Kevin Hamilton, International Pacific Research Center, University of Hawaii, Honolulu, Hawaii, USA
George J. Boer, Canadian Centre for Climate Modelling and Analysis, Meteorological Service of Canada, Victoria, British Columbia, Canada

The quasi-biennial oscillation (QBO) of the prevailing zonal wind in the tropical stratosphere is probably the most predictable aspect of the circulation anywhere in the atmosphere (other than the astronomically-forced annual and diurnal cycles, of course). The zonal-mean zonal winds in the tropical stratosphere can be quite skillfully forecast for at least several months in advance. If the stratospheric QBO systematically (and significantly) affects the tropospheric circulation, then the QBO potentially provides some useful contribution to seasonal tropospheric forecasting. Unfortunately, the stratospheric QBO itself is not likely to be represented well in current numerical models used for seasonal predictions, and thus any potential that the QBO offers for seasonal forecasting is probably not exploited well by current numerical-model based forecast systems.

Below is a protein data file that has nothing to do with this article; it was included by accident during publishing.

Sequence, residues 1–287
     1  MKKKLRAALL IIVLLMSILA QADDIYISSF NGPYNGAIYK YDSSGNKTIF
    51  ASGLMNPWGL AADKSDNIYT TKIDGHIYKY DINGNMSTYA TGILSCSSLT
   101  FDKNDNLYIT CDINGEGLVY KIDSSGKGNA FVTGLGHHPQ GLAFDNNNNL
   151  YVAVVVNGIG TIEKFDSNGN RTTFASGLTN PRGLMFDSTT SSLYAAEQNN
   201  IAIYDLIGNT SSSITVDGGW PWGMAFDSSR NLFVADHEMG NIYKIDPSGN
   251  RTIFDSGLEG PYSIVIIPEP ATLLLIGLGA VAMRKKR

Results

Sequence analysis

We propose to investigate how the slowly-changing QBO component of the circulation may be better exploited in seasonal prediction. We focus on the effects of better representation of the QBO in seasonal forecasts for the Northern Hemisphere winter extratropical tropospheric circulation. We will use the SMIP data to examine how current numerical model seasonal ensemble forecasts can be improved by adding a statistical correction based on the phase of the QBO.

We will first examine the boreal winter seasonal forecasts from the various SMIP models to see how much of the observed stratospheric QBO-troposphere signal appears in the forecasts. We expect to see little sign of systematic QBO dependence of the NH winter tropospheric circulation in the model forecasts. We will then add statistical corrections based on the phase of the QBO, initially basing the QBO phase used as input simply on the zonal wind near the equator at one level at the beginning of the forecast. We will also pursue two refinements to this procedure. First we will consider definitions of the phase of the QBO that combine information from the wind values over the full depth of the equatorial lower stratosphere. A second refinement will be using as input into the statistical correction a forecast QBO phase (say for the midpoint of the forecast period) rather than just the initial phase.